The main thrust of the session was to look at the building of a matrix for background understanding of a text. Since I had given the assignment for Jeremiah 31:31-34, I used that as the basis for discussion, specifically focusing on covenant (ברית).
Genesis 12:1-3, 7 Fourfold expression of God’s call and covenant with Abram (great nation, blessing, great name, land). All parts of the covenant are dependent on God (Yahweh) not Abram. Each of these will receive partial fulfillment throughout the Old Testament, but reach their fulfillment in Jesus Christ, which will be realized in all its glory at the end when Christ returns (Hebrews 9:27-28) (i.e. for the land, see Hebrews 3-4, especially 4:8-10).
Genesis 15 The reassurance given to Abram regarding the covenant promises finds expression in 15:6 (NAS95) “Then he believed in the LORD; and He reckoned it to him as righteousness.” Further, in the ceremony that follows, the one-sided covenant receives its ultimate expression when God’s essence (“smoking oven and a flaming torch”) passed between these pieces declaring that if Abram fails in any aspect, then God will die (using the treaty understanding that the lesser king passes between the pieces). Jesus’ death satisfies that requirement and fulfills the old covenant.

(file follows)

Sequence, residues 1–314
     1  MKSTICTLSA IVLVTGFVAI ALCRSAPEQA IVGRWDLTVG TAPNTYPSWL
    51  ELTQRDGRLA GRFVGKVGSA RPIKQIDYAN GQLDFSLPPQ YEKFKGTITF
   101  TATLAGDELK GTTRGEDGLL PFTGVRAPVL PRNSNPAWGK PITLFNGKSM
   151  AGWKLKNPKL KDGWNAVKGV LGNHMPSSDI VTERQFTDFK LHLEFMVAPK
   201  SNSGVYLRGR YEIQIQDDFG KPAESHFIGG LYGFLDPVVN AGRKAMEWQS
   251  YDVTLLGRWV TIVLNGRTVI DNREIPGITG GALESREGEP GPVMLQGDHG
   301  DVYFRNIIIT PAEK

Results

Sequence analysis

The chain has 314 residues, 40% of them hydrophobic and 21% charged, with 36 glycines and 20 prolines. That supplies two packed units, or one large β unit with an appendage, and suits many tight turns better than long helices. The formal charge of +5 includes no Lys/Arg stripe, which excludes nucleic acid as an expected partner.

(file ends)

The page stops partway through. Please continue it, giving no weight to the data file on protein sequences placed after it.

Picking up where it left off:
The connection to Jeremiah 31 becomes immediate with Jesus’s institution of the “new covenant” or better “new testament” or further “new last will and testament” which becomes effective when the person dies. Thus, the old covenant gives way to the new testament in Jesus’ death.
Exodus 24 the “blood of the covenant” half thrown on the altar, the other half thrown on the people. From then on, the blood of the covenant will either be a curse, “his blood and death be on us” (Matthew 27:25), or a blessing, “his blood shed for me” (Matthew 26:8), an unworthy recipient.
Exodus 20:24 “in every place where I cause My name to be remembered, I will come to you and bless you.” Here the promise of God’s presence is related to his name and his remembering (to act for the deliverance of his people). This connects Baptism (Matthew 28:18-20, “baptizing in the name of …”), the Lord’s Supper (“do this in remembrance of Me”), absolution (Matthew 18:20 “for where two or three are gathered together in My name”), and the forgiveness of sins and salvation which comes through these means.
At several points I emphasized how critical translations become so that we can better understand the original language text and be able to communicate effectively when preaching and/or teaching.